In my childhood, Friern Barnet library offered just one example of the cherished public space. From parks to clinics, we took them all cheerfully for granted. No longer. In addition to the financial squeeze that government policy dictates, the idea of public provision now has to face an ideological attrition that – across all media – erodes it in a thousand ways, overt and covert.
In a few days' time, a London branch of the W hotel chain opens in Leicester Square. It will boast its own library, for which well-known authors have selected favourite books. The PR pitch tells me that "Unlike most rooms for books, The (W)riters' Library isn't dusty, or hushed or boring. There is no dull person peering over shoulders or stopping people reading something they shouldn't. Instead, it is a stylish sanctuary...". So, public bad, private good: the same message slung at us constantly by the forces of big money and their various cultural lickspittles. At Friern Barnet branch, and many others, I enjoyed my own stylish sanctuary. I want kids in the future to share it. By the way, and since the hotel would like you to know, "A stay at W London - Leicester Square starts from £335 per double room per night".
One star-studded day in the park
Sebastian Faulks, Tim Lott, Philip Hensher, Mark Gatiss, Natalie Haynes, Amy Jenkins, Daljit Nagra, Maggie Gee, Robert Webb, Monique Roffey (right), Mihir Bose, Alex Bellos... A fortnight at Hay? No, just one writer-packed day of events under canvas in the park - Queen's Park, London NW6. If, that is, you attend (as you should if you can) the first-ever Queen's Park Book Festival, which takes place on Saturday 11 June. There will also be a full programme of children's activities, including a show with CBeebies presenter Pui Fan Lee. The local Kilburn Library – uncut and thriving – will be much involved. More details at: www.qpark.org.uk/bookfestival A bridge of words in Istanbul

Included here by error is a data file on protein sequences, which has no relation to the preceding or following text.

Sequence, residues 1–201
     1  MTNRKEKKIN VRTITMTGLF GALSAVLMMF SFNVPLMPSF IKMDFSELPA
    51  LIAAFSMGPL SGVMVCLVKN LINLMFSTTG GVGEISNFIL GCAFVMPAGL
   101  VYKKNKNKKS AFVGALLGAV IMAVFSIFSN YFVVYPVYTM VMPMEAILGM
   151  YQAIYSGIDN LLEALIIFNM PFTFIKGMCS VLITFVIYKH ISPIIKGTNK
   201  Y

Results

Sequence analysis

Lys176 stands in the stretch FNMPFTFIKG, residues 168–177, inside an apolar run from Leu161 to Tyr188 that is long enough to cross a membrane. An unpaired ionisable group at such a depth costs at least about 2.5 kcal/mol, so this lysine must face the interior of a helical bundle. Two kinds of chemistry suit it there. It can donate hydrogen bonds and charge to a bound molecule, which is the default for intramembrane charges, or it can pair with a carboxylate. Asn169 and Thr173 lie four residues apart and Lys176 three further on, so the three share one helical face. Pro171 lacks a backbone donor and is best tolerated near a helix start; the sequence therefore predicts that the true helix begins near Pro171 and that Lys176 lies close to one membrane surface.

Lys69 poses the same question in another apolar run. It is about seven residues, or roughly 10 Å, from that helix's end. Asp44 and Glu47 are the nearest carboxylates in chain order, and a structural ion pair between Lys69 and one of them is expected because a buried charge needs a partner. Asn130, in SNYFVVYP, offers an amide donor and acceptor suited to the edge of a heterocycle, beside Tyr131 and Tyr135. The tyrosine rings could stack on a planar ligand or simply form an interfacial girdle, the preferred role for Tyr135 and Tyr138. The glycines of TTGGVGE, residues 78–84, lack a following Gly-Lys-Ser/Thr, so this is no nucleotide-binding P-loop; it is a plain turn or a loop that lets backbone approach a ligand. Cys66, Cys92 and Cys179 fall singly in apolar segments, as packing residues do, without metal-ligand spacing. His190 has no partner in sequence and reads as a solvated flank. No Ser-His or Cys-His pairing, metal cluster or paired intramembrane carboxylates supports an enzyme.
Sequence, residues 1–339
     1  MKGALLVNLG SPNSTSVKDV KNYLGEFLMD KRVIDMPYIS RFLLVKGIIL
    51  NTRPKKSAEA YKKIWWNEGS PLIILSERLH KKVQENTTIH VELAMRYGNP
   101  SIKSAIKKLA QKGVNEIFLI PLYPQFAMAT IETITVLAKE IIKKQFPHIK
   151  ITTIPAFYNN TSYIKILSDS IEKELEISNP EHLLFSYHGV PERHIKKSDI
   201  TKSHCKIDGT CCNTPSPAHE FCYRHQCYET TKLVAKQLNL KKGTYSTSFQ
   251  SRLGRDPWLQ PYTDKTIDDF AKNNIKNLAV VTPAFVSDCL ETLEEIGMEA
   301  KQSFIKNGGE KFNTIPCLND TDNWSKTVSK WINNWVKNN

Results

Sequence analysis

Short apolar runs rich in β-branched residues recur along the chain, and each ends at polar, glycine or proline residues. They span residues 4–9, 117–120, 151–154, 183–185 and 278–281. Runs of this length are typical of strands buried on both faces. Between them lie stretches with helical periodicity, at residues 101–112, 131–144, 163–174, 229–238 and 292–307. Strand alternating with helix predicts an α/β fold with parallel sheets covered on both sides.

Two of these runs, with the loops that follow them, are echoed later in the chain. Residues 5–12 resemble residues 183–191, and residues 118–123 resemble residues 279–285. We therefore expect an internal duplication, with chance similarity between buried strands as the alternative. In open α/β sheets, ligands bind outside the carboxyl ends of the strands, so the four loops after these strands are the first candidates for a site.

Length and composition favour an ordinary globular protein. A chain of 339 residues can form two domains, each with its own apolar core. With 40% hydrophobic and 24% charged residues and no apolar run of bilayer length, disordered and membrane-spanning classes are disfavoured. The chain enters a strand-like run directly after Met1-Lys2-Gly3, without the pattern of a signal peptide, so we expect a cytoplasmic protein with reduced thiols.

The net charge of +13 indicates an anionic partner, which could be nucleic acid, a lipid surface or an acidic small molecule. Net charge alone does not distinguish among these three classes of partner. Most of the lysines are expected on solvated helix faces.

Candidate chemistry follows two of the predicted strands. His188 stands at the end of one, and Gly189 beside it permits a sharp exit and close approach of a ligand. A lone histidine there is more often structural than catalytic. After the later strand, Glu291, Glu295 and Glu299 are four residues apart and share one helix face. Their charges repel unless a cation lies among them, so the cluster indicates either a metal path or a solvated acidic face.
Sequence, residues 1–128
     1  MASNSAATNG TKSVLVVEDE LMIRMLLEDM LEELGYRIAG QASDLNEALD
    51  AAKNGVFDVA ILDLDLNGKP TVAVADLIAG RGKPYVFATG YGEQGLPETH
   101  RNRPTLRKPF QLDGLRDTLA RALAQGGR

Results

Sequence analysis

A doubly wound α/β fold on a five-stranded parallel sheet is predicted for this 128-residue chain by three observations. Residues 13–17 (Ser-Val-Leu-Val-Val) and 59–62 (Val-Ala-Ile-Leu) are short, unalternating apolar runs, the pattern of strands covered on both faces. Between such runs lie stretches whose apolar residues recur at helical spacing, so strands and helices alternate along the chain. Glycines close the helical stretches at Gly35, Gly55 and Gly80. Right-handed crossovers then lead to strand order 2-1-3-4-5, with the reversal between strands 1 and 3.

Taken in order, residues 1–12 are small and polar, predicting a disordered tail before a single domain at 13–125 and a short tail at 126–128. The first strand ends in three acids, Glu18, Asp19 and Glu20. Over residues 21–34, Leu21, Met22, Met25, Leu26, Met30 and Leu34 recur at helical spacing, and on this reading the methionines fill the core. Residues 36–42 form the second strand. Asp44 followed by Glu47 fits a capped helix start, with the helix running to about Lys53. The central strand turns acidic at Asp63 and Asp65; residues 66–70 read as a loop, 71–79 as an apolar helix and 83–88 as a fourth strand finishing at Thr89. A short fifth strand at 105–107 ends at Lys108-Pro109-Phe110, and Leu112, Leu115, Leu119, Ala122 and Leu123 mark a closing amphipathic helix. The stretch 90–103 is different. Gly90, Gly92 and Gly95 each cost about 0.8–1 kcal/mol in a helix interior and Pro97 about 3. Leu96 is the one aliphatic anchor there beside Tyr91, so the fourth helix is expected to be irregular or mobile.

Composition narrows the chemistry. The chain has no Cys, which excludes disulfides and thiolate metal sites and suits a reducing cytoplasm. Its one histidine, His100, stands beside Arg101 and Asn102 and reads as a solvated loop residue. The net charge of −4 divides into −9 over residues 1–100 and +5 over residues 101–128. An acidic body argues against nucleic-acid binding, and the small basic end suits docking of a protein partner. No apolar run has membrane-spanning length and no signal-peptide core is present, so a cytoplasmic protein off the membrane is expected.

Last weekend I heard Jonathan Ross singing Turkish songs beside the Bosphorus in Istanbul. No, this wasn't a nightmare occasioned by late-night exposure to floppy-haired chat-show hosts. The melodious Dr Ross in question teaches translation at the Bosphorus University. With some exquisite bilingual duets, he helped to wind up a poetry recital, and so close a symposium on the translation and publishing of Turkish literature abroad. TEDA, the agency which co-organised the event, has over the past six years shepherded some 800 works from Turkish into other tongues. However well-meant, such discussions can often bog down in the prosaic detail of the global book trade. Here, on an enviably-sited campus, with its lush woodlands running down to the shore and the towers of the Rumeli Hisari – the "Fortress of Europe" built by Mehmet the Conqueror in 1452 – next door, we could tune in to the spirit of the place, and remind ourselves of why it matters to build bridges between words, and worlds.